The “big” dollar requires a significant boost to provide the momentum to bring the world’s dominant reserve currency to the next level. Friday’s NFP is capable of providing that spark. But before then there is always the release of the International Monetary Fund’s (IMF) figures for the fourth quarter of 2014 on global foreign exchange holdings, known as the Currency Composition of Official Foreign Exchange Reserves (COFER). Due out tomorrow, and despite the report’s look backward, it does give investors a fresh perspective on how the world’s biggest currency traders (central banks) are embracing the dollar.
In the past 11 months, the USD has appreciated +28% versus the EUR. In the third quarter, the report showed a vast outflow out of EURs (down -1.5% to +22.5%) and into U.S. dollars (up +1.6%, the largest in 10 years). The record shift out of EURs was brought about after the European Central Bank lowered the interest rate on deposits. Europeans were “paying away” (negative rates) to deposit funds. Because of the U.S. yield differentials argument, investors want to purchase U.S. assets for their returns. The pace of the greenback’s rally has been the fastest in over 40 years. For some, the danger is that the dollar’s move has been too rapid and could be overdone in the short term. Reports like the IMF’s COFER could ignite market action one way or another.
Global Bourses on Firmer Footing
Over the weekend, Chinese policymakers were out in full force supporting their economy. People’s Bank of China (PBoC) Governor Zhou Xiaochuan expressed concern about the risk of deflation, potentially paving the way to another easing move as soon as next month. An orchestrated easing cycle in the world’s second-largest economy is helping global equities. Xiaochuan also noted China may update laws on currency controls, and that there is still room for more rate cuts. Separately, PBoC researcher Zhuo Chen warned that China’s first-quarter gross domestic product could fall below +7%. President Xi Jinping also spoke, downplaying the threat of economic slowdown, and reiterating the new normal in China justifies emphasis on “quality of growth over the size of expansion.”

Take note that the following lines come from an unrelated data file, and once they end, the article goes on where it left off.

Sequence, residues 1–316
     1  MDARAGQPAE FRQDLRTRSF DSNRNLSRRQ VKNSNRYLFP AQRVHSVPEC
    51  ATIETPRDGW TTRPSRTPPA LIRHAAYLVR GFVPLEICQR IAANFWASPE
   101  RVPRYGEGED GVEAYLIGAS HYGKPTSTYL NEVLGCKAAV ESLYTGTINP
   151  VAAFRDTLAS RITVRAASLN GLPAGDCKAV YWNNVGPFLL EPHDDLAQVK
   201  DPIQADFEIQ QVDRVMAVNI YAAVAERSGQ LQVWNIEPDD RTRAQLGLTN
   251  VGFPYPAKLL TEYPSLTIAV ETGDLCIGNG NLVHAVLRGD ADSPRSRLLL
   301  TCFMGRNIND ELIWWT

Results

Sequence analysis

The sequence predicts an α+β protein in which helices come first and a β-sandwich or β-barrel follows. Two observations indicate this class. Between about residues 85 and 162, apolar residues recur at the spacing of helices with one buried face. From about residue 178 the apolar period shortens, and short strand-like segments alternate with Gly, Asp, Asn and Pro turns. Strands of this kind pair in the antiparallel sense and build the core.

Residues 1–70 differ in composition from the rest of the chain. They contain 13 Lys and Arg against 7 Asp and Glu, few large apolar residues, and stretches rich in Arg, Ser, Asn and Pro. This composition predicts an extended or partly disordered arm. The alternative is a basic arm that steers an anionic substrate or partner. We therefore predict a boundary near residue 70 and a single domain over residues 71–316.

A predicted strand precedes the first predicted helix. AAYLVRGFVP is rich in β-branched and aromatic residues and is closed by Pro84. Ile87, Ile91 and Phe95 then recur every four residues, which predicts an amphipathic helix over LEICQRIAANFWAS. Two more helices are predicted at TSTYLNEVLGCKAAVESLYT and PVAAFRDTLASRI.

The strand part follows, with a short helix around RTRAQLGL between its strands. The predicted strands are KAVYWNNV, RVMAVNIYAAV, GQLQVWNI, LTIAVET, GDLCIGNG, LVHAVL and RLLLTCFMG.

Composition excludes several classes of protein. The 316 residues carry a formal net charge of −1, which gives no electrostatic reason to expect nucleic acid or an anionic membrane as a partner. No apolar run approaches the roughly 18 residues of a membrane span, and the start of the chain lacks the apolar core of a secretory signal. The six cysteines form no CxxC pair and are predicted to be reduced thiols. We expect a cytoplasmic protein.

Japanese Struggles Persist
In the eyes of the Bank of Japan (BoJ), industrial output has always been one of the brighter parts of the Japanese economy. Japanese policymakers only recently made consecutive upgrades in their assessments. However, in the overnight session, industrial production for February marked another instance of disappointing economic data, making this Wednesday’s quarterly Tankan survey particularly significant for the BoJ as it begins to enter the new fiscal year in Japan. Governor Haruhiko Kuroda, speaking over the weekend, said he expects inflation to begin accelerating in the fall. This would suggest there may be some reluctance at the BoJ to add to its already unprecedented stimulus measures.
If the IMF’s figures on global foreign exchange holdings or NFP do not provide that market spark this week, then investors could always look toward Greece to provide the unusual. Over the weekend, Greek Prime Minister Alexis Tsipras said he was confident there will be a happy ending to this week’s negotiations, however, other European Union sources are said to have indicated the latest Greek proposals are still missing sufficient detail, making it difficult to disburse new aid. The German press is speculating that “the institutions” (the Troika) see Greece missing its primary surplus target this year, even though the new government promised a +1.5% surplus. It is rumored the country will run out of cash by April 20.